The question of whether to buy or rent is one that haunts many potential first home buyers. Home ownership is engrained in the Australian psyche as the “Great Australian Dream”. Renting, on the other hand, has such renowned negative slogans of “rent money is dead money” or “you’re paying off someone else’s mortgage”. You may be surprised to know that these are not always the correct representations of what renting, or home ownership have to offer. Each has their own pros and cons, and one or the other, or a combination of both will be better suited to you depending on your needs.
Let’s Look At The Advantages Of Buying A Home
It Is A Form Of Enforced Savings
Frankly, very few people are able to do the savings that would be needed to buy a home in ten or fifteen years. When you take on a mortgage, this becomes a kind of enforced savings, albeit you are also paying a considerable amount in interest.
A Home Is An Appreciating Asset
A home is probably the most secure asset you can own. If you have an eye for property price movements, it is likely the home you buy will be more valuable in the future. This is accentuated if you buy in a location that becomes more popular over time, because of external factors such as the building of a new commuter hub.
Freedom To Renovate
When you own a home, you can do with it whatever you want. You can make it your ultimate castle. You do not have to answer to a landlord or worry about those dreaded inspections from the real estate agent.
Peace Of Mind
No one can force you out of a home you own. Even if the government wanted to forcibly acquire the land for national interests, you would be compensated.
Cons Of Buying A Home
Your Money Is Tied Up
Many mortgages typically require a minimum of a 10% deposit. This can run into the hundreds of thousands for many home owners. This is a hefty cash investment. There is an opportunity cost associated with homeownership. Before deciding to invest in a home the question must be asked, what else, where else could I invest this money for a better return?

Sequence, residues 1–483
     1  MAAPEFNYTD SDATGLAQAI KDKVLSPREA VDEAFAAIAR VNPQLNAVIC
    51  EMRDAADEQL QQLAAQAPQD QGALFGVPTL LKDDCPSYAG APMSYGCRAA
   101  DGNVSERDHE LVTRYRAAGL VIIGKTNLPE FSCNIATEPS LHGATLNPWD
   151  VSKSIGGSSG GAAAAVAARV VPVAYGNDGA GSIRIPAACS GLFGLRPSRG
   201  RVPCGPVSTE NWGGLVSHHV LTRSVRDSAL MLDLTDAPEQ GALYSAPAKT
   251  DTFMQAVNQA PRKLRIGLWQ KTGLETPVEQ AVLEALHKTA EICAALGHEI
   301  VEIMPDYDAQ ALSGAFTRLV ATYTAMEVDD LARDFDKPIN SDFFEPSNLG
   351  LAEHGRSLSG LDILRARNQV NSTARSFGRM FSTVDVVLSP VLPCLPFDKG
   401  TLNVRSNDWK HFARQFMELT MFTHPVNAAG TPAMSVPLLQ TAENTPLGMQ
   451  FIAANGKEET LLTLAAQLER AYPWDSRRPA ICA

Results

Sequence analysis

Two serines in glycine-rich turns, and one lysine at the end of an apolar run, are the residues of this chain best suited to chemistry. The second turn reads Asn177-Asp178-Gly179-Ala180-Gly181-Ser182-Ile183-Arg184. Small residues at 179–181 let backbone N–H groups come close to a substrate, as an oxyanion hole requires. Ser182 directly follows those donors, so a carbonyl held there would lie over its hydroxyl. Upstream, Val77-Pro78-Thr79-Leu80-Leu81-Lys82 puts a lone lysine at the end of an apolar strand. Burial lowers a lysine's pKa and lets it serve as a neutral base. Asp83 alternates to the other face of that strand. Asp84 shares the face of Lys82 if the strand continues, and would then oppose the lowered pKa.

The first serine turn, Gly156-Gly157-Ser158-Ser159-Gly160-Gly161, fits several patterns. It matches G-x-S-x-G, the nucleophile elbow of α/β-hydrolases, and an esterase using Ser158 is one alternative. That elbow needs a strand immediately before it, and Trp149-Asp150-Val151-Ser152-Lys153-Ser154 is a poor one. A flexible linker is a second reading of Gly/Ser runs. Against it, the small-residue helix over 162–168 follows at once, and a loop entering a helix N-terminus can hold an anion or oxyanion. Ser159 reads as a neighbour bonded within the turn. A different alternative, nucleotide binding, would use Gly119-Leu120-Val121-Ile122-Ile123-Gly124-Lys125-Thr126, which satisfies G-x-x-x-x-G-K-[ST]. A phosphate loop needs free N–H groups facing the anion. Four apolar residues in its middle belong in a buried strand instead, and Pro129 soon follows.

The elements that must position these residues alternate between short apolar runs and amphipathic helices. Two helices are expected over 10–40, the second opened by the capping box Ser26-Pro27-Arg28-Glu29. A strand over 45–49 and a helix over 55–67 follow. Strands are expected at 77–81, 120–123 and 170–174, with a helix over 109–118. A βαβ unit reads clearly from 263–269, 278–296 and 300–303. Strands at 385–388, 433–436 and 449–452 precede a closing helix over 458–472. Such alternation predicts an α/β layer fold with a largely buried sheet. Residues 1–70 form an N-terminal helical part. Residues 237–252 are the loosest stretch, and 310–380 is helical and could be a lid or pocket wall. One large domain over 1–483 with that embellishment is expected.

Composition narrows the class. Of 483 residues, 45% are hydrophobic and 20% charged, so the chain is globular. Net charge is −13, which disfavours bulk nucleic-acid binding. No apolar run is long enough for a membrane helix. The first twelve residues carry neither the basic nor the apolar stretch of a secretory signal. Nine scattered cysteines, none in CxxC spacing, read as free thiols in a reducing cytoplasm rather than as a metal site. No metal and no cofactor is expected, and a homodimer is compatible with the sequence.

You Are Fixed
Buying a home essentially means that you have chosen to settle in that area and live there for the foreseeable future. You cannot move without making arrangements to sell or rent out the house. These are things which take time.
Advantages Of Renting A Home
You Can Live Where You Want
In today’s competitive property market, renting can possibly help you live where you want to live, not necessarily just where you can afford to buy a home.
Easier To Relocate
If you want or need to move, you can simply hand in your notice. Renting provides more flexibility.
You Can Invest Elsewhere
Instead of investing a considerable amount in one asset, you can diversify your investment portfolio by renting and investing the money elsewhere. You also have the option of investing in more than one asset which increases the diversification benefits.
Cons Of Renting
You can be forced out of a rented home or rents can be raised if the landlord follows the required procedures. This can create a sense of uncertainty, especially if you have had to move repeatedly. Moving is touted as one of the most stressful things we endure. It also adds costs to renting as each move can be an expensive exercise.
There Are No (Forced) Savings
There are no ‘forced savings’, unlike mortgage payments.
As a tenant there are many restrictions on what can be done to the property you rent. Depending on your rental agreement even mundane home decorations cannot be hooked into the walls without breaking the tenancy agreement.
More people are increasingly opting for a third option when it comes to home ownerships. It is called rent-vesting, where they buy a home but then rent elsewhere. This option provides the unique combination of advantages of both renting and investing. It can enable you to live where you want to live, whilst still having forced savings AND your rental income (if you buy with a good RIO) can be used to supplement your rent.
Whatever you decide is the most suited to your needs the important thing is to put money away for the future. Burning all of your income on “non-appreciating assets” will not help grow your wealth for now and the future.
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